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Transaction Tax Shelved by G20 as New Soft Agreement on Opt-In Bank Levies Creates Uneven Global Playing Field

Transaction Tax Shelved by G20 as New Soft Agreement on Opt-In Bank Levies Creates Uneven Global Playing Field

"The opt-in bank levies agreed by the G20 members is at odds with the very thing they got excited about last year in the midst of the global economic downturn, a tax to hit the financial services industry. The G20 dragged up the prospect of a financial transaction or Tobin Tax aimed at creating a harmonised playing field for global banking, an idea backed only recently by the IMF.

"What we are left with is global confusion, as politicians talk the talk, but do not seem to be moving very quickly to take action, leaving a very uneven playing field whereby banks are likely to be levied in some countries and not in others.

"The UK government has already pledged a banking levy and the US, France and Germany are expected to follow through with similar legislation. Although the proposed levies are not massive given the scale of the banks, taken alongside other measures introduced since the banking crisis of 2008 such as the bonus tax in the UK, some banks could be forced to review operational structures, for example relocation of head and branch offices from one jurisdiction to another.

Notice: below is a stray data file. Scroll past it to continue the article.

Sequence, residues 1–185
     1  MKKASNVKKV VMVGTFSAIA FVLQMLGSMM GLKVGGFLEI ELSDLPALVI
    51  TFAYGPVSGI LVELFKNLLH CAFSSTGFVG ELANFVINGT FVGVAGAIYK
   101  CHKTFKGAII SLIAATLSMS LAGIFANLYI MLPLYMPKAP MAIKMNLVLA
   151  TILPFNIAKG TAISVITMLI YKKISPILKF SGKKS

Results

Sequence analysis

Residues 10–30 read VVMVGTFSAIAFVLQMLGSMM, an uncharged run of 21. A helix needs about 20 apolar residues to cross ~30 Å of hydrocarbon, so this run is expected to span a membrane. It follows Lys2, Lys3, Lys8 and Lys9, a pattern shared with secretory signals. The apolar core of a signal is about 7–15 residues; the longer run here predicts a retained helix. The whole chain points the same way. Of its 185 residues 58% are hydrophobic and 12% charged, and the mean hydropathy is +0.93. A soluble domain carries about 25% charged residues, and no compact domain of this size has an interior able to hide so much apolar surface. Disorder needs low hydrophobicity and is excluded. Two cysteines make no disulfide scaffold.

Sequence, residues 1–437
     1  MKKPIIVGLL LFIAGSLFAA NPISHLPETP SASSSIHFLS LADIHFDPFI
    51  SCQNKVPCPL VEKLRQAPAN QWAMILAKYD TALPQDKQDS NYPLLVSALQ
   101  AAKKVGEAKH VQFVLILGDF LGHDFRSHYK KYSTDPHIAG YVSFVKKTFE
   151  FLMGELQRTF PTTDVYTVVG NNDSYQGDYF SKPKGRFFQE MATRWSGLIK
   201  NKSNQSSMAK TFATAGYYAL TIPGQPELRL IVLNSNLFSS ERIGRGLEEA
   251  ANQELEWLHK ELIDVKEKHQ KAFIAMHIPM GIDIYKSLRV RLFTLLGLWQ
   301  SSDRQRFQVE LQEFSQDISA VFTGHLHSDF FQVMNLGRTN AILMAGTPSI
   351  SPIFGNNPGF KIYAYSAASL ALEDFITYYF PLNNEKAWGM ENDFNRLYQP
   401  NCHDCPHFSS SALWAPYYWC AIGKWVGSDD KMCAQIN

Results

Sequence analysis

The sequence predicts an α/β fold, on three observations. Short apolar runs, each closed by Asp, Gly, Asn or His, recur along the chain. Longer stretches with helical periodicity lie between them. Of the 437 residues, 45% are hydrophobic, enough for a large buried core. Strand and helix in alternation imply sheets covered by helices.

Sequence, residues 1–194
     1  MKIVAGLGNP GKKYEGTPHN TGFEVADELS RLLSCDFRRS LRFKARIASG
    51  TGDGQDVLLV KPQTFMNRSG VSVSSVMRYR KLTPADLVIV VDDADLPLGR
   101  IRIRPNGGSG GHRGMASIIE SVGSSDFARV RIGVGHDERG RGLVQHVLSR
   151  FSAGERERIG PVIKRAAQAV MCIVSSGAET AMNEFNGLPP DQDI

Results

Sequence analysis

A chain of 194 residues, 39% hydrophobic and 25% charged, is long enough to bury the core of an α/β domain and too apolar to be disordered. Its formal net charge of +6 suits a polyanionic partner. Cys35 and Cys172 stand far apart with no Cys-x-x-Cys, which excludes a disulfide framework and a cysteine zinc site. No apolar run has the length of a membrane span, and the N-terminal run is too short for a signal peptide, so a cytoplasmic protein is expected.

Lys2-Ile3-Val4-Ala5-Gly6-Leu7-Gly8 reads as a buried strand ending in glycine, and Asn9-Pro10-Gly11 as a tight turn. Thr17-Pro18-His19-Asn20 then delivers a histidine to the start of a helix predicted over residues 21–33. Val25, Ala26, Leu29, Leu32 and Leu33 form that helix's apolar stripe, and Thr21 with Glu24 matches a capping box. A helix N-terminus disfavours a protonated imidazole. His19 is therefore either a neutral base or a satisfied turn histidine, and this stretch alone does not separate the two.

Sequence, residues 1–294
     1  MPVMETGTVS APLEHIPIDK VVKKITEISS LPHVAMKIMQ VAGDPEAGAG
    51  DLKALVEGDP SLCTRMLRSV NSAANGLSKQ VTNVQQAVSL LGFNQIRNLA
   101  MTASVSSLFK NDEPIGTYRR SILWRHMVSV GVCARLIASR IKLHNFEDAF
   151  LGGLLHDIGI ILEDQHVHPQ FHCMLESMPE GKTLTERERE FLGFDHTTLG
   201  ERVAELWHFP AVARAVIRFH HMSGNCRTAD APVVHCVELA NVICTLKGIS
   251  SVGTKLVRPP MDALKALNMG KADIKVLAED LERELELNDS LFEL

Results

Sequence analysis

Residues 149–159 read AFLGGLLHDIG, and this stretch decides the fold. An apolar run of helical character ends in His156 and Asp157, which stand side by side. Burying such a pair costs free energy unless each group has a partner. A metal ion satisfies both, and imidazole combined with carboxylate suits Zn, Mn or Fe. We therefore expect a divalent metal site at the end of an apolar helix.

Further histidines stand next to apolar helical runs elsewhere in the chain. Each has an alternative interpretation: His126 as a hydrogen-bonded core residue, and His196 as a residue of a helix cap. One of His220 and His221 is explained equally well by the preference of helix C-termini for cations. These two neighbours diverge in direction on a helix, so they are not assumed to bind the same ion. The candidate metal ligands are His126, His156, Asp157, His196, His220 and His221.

"We don't yet have the detail on how the levy will be extended to foreign owned branches located within a jurisdiction implementing a levy but, under European law as it now stands, the levies could favour foreign owned branches and penalize local banks, compounding once again the arguments for coordinated and impartial global banking. These actions could leave some banks going into the global battle with one arm tied behind their backs.

"In addition the G20 has inadvertently dealt global harmonisation of taxes a further series of body blows, given that calls for an international financial transaction tax have also hit the buffers - this type of tax is simply too complicated and would require a fundamental overhaul in country-specific tax policy. In the current global economy with the focus on recovery and avoiding a double-dip global recession, an overhaul of global tax harmonisation appears to be light years away."


Frederic Donnedieu de Vabres, Chairman of Taxand, the world's largest global organisation of tax advisors to multinational businesses.

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